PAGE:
What To Do With a Darning Foot?

My sewing machine has lots of feet. I’ve used some of them–a lot. Some I don’t remember ever using and am not sure what exactly they do. When I got this machine (Bernina) about 26 years ago, I took a class to learn how to operate it because it was quite different from my old machine (a Kenmore). I know they must have at least talked about all the different presser feet because I have notes written on that page in my manual. So I got curious this week to finally find out what else I can do because of all these extra feet I have for my machine. I chose to start with the darning foot.Darning FootI know darning means repairing garments and other items made from textiles. I have darned rips in jeans before, but just used my regular straight/zig-zag foot. And my grandma used to darn socks (by hand) but I usually toss out my socks with holes. Free hand monograms, free hand embroidery and quilting had me intrigued. So I started searching online to see how to use my darning foot for those sewing activities. Soon I was coming across the term “free motion quilting” in connection with the darning foot. That looked like fun! This website, A few Scraps, was very helpful in explaining the how to’s as well as giving lots of creative ideas.

To begin the process of free motion quilting, I needed to “prep” my machine. Set-up Steps for Free Motion Quilting1. Attach the darning foot to the machine. Lower the feed dogs. Attach the “sewing table” to the free arm of the machine. (This allows more flat surface on which you move your fabric around. If your machine has one, I highly recommend using it.)

2. Take one stitch into the fabric with the needle and pull the upper thread until the lower bobbin thread pulls to the top side of your fabric.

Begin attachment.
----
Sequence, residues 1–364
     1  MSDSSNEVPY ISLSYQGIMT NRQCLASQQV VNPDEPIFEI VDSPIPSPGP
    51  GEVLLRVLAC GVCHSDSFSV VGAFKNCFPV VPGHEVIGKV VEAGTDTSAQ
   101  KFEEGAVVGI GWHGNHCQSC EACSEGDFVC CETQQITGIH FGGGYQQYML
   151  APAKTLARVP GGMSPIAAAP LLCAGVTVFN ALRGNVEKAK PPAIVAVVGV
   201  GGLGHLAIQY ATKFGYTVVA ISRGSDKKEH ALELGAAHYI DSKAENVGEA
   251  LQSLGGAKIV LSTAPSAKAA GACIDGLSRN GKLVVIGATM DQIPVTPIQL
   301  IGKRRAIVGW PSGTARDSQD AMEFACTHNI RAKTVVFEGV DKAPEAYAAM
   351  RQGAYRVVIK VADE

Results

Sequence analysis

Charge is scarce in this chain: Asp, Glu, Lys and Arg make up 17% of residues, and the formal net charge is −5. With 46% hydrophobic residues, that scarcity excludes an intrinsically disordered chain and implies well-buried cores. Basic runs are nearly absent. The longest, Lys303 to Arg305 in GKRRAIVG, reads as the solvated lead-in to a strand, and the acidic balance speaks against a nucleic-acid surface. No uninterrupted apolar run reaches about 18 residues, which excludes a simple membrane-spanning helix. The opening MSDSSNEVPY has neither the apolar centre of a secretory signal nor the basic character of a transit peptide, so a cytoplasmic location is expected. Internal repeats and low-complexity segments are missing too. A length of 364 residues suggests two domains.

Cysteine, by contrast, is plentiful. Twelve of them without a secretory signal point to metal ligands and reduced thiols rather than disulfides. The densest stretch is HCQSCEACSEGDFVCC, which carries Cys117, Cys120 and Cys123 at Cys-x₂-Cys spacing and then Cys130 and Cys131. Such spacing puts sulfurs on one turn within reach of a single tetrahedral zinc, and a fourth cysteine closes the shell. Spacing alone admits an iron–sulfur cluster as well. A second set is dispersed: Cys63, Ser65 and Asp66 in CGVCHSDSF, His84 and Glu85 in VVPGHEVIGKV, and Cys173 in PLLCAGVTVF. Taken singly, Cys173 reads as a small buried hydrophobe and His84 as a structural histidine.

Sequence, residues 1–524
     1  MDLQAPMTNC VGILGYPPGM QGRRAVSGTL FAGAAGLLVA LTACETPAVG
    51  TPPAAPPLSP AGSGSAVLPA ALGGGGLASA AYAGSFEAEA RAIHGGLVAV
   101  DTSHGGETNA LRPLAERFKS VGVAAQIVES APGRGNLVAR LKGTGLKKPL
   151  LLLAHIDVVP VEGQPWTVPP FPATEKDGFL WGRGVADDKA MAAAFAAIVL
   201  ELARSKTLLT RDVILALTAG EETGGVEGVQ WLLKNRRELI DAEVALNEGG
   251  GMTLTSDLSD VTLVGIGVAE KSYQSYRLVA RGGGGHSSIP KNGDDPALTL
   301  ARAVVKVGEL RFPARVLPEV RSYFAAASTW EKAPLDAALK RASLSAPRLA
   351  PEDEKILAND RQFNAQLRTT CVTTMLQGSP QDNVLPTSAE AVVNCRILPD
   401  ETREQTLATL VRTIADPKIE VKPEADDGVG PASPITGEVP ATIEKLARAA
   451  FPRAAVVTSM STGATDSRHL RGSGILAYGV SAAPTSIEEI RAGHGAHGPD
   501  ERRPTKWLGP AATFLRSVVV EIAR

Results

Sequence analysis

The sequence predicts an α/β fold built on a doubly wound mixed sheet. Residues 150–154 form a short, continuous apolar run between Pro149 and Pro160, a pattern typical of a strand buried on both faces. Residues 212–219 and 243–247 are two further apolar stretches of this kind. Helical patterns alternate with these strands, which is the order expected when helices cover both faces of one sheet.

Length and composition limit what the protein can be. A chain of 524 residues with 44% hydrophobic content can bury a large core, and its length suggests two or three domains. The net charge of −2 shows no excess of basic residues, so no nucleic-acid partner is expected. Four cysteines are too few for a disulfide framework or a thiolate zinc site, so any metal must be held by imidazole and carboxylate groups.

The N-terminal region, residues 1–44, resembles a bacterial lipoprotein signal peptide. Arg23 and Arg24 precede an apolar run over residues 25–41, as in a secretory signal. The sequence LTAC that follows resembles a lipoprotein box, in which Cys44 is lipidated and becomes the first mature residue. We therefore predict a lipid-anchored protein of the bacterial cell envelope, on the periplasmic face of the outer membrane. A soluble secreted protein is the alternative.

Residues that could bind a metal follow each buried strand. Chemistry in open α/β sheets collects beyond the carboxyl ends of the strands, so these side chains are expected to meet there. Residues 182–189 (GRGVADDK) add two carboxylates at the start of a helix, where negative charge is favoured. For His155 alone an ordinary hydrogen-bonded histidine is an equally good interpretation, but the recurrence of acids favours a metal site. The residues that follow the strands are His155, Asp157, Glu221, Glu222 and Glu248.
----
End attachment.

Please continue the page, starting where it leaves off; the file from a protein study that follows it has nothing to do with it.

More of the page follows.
3. Make sure the machine stitch length is set to 0.

I followed the practice stitching suggestions to get the feel of free motion stitching. When you are used to stitching forwards or backwards, with the machine feeding the fabric under the needle consistently, it really takes practice to get used to the feel of you being in control. The needle will go up and down as you push the pedal, but the fabric won’t move unless you make it move. And you are not limited to forward or backward. You can go sideways or in circles or wherever you want to go! You also determine the stitch length by how much you move the fabric. I also found it easier to stitch faster rather than slowly–it made for smoother stitches.Free Motion Sewing PracticeFree Motion SewingAfter reading through all the possibilities of designs to try, I decided to fix another layer sandwich of fabric to quilt. I wanted to completely fill my sampler with free motion sewing doodles.

To help visualize what this process is, think of it this way. Pretend you have a marking pen in one hand (just hold it perfectly still straight up and down.) Now move the paper around under the pen to draw your design. That is what you are doing with the machine. The needle is your pen and you are moving the fabric (paper) around under it to make your designs.

I did not draw any lines on my fabric ahead of time, I just freehanded the doodles. I even tried some cursive writing! It was so much fun. Free Motion SamplerI wondered if I could do the same process on heavy paper for possible card making designs. (Remember to switch out the sewing machine needle for an old needle when you start sewing on paper!)Free motion paper stitchingIt works, but is not as easy as sewing on the fabric. The stitches can not be too close together or the paper holes tear through. You also cannot go back over previous stitching on paper like you can on fabric. The thread pulls out of the holes. See my stitching on the letter “a”.paper stitchingAnd this is what the back side of the paper looked like:Backside Paper stitchingCheck out the feet that came with your sewing machine. Do you have a darning foot? Yours may not look like mine. There are many different styles of darning feet depending on the machine, but they will have some sort of O or C shape for the needle to go through. Practice making sewing doodles. You just may find it sparks lots of creative ideas for future sewing projects or card making projects.

Remember that fall fabric I created the other day? I can’t wait to show you what I am doing with that. Hint: It just might have some free motion quilting on it. Stay tuned.

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